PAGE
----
The draft standard proposes six principles to guide the identification of “important data”:

  • Focus on the impact on security.
  • Highlight key targets to be protected.
  • Consistency with the current legislation.
  • Comprehensive consideration of risks.
  • Combination of qualitative and quantitative methods.
  • Dynamic identification and review.


Furthermore, the draft standard puts forward 14 criteria to determine if a data fall into the scope of the “important data”, namely:

  • Consideration of China’s strategic reserve and mobility capability in emergencies
  • Support to the operations of key infrastructure and the production of key industrial sectors.
  • Reflection on the security of key information infrastructure, so that data cannot be used to conduct network attacks
  • Linkage with export control items
  • Possibility to be used by other countries and organizations to launch military strikes against China
  • Reflection on the physical safety of key targets and venues, and on the location of geographic targets that are not disclosed, so that it could be utilized by terrorist groups and criminals for sabotage.
  • Possibility to be used to disrupt the supply chain of critical equipment and system components, so as to launch network attacks such as advanced persistent threat (PAT).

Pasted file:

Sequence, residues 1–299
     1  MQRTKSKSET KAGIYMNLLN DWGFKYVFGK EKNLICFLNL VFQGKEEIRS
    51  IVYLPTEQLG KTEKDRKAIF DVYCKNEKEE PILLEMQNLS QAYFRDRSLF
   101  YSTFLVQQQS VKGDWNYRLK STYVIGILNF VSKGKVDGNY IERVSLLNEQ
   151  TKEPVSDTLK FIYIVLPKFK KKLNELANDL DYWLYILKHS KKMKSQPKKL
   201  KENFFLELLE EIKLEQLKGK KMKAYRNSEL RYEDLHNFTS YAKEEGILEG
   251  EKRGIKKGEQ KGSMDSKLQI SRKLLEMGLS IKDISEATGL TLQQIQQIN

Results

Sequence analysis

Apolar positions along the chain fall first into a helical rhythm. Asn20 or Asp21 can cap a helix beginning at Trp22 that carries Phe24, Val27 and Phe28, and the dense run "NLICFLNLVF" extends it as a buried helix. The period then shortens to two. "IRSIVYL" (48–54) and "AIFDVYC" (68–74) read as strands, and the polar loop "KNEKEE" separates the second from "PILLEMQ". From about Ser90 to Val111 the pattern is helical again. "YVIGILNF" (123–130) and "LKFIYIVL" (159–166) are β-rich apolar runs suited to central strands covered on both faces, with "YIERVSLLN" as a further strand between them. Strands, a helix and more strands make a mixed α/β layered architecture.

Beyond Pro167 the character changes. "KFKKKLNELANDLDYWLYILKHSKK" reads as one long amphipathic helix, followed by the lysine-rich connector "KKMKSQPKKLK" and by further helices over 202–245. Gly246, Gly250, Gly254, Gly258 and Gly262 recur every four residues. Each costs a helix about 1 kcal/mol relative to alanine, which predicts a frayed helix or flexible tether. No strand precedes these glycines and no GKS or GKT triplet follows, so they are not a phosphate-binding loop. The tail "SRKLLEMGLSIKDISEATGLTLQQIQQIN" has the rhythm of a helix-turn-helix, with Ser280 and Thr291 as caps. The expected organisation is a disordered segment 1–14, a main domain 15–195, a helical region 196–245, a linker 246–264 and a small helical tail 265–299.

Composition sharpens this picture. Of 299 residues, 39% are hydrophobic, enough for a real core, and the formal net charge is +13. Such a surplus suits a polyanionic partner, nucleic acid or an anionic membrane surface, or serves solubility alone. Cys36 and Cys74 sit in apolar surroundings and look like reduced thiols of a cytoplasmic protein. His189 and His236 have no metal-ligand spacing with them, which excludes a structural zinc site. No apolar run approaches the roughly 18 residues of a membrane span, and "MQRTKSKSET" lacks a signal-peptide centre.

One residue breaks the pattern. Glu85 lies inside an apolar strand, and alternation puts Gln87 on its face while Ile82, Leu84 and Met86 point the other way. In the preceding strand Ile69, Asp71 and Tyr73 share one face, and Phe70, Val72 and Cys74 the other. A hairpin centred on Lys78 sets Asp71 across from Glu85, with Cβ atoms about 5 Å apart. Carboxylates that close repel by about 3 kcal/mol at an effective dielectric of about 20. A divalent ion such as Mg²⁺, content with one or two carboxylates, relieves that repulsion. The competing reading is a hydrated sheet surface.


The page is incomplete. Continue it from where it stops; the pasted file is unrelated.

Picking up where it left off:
• Relation with basic data on population health and physiological conditions, ethnic characteristics, genetic information, etc.
  • Relation with basic data on national natural resources and environment;
  • Relation with China’s scientific and technological strengths and international competitiveness.
  • Relation with the production and transaction of sensitive items, and the provision and use of important equipment, so that it could be used by foreign governments for adopting sanctions on China.
  • Relation with classified information generated in the course of providing services to government agencies, military enterprises and other sensitive and important organizations.
  • Relation with government affairs data, work secrets, intelligence data, and law enforcement and judicial data that are not made available to the public.
  • Relation with other data that may affect the security of national politics, land, military, economy, culture, society, science and technology, ecology, resources, nuclear facilities, overseas interests, biology, outer space, polar regions, deep sea, etc.



The deadline for submitting comments to the draft standard is 13 March 2022. European enterprises and standardization stakeholders are encouraged to contribute actively, considering the importance of the standard and the potential impact on their operations.


The text of the draft standard (in Chinese language) can be accessed via